PROBLEM SET 1
1. This question is based on the article on the reading packet on the market for two trendy foods—kale and quinoa—and one more “mundane” crop—almonds.1 According to the article, while there are concerns about shortages of each of these three crops, the situation in each market is distinct.
a. Use supply and demand curves to summarize the market changes described in the article. (You should have three graphs: one for each product.)
b. Explain how your graphs capture the differences across these three markets that are described in the article. As part of your explanation, make sure to say how changes to demand and supply affect the equilibrium price and quantity in each market.
Kale: No changes in both supply and demand, so equilibrium price and quantity remains
Quinoa: Increase in demand, shifts equilibrium price higher to meet to the increased demand
Almond: supply decreases, drive up equilibrium price and reduces demand.
2. In the early 1990s, the toll on the Golden Gate Bridge was raised from $2 to $3. Following the toll increase, traffic fell by 5 percent. Prior to the toll increase, Stephen Leonoudakis, chairman of the bridge’s finance auditing committee, warned that the toll increase could cause toll revenues to decrease by several million dollars per year.
a. Estimate the point price elasticity of demand (starting from a price of $2). (Show the calculations leading to your answer).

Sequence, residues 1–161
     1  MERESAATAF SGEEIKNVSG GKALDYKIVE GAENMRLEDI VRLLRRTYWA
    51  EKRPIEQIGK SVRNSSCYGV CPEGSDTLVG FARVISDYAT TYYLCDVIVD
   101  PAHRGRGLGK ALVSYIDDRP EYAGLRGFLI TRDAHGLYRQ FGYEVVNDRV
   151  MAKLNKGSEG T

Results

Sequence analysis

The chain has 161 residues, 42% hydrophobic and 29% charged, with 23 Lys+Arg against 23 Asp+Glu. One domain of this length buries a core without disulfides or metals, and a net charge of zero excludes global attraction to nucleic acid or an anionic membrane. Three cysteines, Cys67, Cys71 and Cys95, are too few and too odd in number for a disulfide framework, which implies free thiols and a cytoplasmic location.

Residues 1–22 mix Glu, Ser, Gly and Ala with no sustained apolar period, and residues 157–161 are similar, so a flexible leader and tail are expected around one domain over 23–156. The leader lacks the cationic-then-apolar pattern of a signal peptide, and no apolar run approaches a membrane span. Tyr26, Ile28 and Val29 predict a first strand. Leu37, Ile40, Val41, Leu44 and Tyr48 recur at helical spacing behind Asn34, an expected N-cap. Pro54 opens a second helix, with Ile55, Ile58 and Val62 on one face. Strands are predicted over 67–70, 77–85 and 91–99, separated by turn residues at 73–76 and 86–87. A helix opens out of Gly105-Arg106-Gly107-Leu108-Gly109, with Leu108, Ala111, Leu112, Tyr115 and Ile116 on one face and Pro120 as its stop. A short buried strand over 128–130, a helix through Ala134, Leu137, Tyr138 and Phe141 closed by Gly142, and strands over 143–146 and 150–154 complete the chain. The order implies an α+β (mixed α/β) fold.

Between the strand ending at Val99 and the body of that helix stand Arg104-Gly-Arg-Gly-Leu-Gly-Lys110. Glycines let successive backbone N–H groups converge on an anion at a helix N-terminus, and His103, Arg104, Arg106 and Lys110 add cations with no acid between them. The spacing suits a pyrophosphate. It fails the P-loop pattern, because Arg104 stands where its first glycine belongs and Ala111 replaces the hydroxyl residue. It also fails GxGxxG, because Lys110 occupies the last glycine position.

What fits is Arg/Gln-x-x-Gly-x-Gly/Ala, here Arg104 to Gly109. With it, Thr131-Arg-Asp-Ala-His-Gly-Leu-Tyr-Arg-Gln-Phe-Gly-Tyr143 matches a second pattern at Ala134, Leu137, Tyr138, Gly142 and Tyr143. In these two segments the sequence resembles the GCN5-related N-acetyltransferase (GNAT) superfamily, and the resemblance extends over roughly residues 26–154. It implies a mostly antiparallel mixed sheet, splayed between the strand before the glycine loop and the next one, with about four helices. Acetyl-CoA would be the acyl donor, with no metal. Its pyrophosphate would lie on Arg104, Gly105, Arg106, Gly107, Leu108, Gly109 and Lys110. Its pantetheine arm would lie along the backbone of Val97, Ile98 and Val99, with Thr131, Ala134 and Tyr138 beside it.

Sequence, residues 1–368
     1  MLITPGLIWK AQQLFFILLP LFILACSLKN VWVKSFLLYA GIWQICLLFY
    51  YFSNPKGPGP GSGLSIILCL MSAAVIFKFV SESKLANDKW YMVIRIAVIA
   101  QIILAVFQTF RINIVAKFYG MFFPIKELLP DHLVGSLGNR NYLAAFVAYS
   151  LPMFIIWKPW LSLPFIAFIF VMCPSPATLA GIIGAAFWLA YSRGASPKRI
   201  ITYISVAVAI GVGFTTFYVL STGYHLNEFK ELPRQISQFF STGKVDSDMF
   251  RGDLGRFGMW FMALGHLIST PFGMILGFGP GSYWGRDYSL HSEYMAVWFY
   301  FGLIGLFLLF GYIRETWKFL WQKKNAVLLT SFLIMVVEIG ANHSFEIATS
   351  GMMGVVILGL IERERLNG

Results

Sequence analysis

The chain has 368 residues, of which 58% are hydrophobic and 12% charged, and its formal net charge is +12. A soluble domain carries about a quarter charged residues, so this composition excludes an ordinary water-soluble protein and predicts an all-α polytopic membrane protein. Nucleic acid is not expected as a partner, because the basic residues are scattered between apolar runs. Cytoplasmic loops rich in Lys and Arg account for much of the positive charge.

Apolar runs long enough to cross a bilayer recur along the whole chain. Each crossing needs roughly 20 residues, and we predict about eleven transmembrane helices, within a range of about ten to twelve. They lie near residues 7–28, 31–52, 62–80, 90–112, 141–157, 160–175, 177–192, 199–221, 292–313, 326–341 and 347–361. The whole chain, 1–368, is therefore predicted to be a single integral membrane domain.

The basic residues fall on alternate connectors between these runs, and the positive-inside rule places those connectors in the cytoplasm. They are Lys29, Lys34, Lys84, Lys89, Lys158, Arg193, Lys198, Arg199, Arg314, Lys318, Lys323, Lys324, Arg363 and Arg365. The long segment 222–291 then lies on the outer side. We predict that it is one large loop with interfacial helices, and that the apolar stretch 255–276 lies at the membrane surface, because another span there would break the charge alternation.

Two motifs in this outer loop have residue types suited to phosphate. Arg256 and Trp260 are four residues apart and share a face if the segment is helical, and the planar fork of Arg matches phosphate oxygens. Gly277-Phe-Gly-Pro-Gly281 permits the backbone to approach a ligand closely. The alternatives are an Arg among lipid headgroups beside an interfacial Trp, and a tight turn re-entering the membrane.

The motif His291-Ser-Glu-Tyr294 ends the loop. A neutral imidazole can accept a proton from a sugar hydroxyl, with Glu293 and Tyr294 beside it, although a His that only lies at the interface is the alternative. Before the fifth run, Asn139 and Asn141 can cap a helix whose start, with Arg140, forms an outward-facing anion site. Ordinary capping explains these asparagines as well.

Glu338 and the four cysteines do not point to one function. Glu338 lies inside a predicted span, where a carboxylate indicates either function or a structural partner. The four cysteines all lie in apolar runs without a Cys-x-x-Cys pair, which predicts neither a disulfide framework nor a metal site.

Ep=Delta Q/Delta P= -5%/((3-2)/2)=-5%/0.5=-0.1
Not very elastic
b. Based on your estimate, can you say whether Leonoudakis’ prediction came true?
No. Traffic reduced at 10% of rate of price increase, so the overall revenue growth outpaced reduction of traffic.
c. In 2012, the toll on the bridge was $5 and the San Francisco Transportation Authority, which was facing a $66 million budget deficit over the next five years, was considering another $1 toll increase.2 Assuming that the estimate from part (a) is reasonably accurate, do you think that increasing the toll by another $1 would contribute to the goal of reducing the budget deficit?
Yes, it’s a 20% price increase, which would result in 2% of traffic loss. So the overall revenue will increase to help reducing the deficit.
3. On July 28, 2000 The Washington Post reported details of Bell Atlantic's rate plans for local telephone service in Northern Virginia. One plan (Plan A) offered by Bell Atlantic costs $0.10 (i.e., 10 cents) for every local call made (regardless of the duration of the call). Its other plan (Plan B) allows for unlimited number of local calls of any duration at a flat rate of $22 per month.
For the purposes of this question, suppose Jane has the following individual (inverse) demand curve for local phone calls:
P = 0.40 - 0.002Q,
Where Q = number of calls made per month, and P = price per call, in dollars.
a. Jane is currently subscribing to Plan A. How many calls does she place per month under this plan? What is her consumer surplus? Show your work and illustrate with a graph.
Jean’s consumer surplus= ½ x 150 x 0.3 = $22.5
b. Should Jane switch to Plan B? Show your calculations and illustrate with a graph.
No. See graph above. Jean’s current bill is 150 x 0.1= $15, Jean’s add’l demand is shown on attached graph as area “b” (b= 1/2 x (200-150) x 0.1 = $2.5. So the marginal demand for Jean is only $2.5, which is less than the delta of switching to plan B ($22-$15= $7)
c. Given your results above, why does Bell Atlantic offer both plans? Explain.
To capture more revenue, beyond the plan A can capture, with plan A using the current demand curve, number of calls can be made = 220, exceeds maximum demand along the demand curve (200).
4. The typical firm in a perfectly competitive market manufacturing an appliance part has long-run total cost of TC = 6q2 + 2400 and marginal cost of MC = 12q, where